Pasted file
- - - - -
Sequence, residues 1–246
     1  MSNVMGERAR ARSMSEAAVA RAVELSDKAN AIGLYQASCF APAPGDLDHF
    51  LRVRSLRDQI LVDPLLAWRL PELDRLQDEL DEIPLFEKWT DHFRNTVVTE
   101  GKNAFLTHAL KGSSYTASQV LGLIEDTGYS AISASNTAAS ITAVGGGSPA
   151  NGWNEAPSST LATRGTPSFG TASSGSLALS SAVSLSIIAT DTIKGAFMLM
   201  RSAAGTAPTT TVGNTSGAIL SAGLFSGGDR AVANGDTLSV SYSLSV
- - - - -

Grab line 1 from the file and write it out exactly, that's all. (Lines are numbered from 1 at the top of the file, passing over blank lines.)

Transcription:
Sequence, residues 1–246